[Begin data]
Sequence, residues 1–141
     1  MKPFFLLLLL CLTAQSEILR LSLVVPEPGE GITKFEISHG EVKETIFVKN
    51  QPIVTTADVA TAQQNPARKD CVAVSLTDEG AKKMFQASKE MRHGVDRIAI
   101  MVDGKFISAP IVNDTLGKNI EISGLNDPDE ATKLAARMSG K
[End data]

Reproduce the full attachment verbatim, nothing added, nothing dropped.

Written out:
Sequence, residues 1–141
     1  MKPFFLLLLL CLTAQSEILR LSLVVPEPGE GITKFEISHG EVKETIFVKN
    51  QPIVTTADVA TAQQNPARKD CVAVSLTDEG AKKMFQASKE MRHGVDRIAI
   101  MVDGKFISAP IVNDTLGKNI EISGLNDPDE ATKLAARMSG K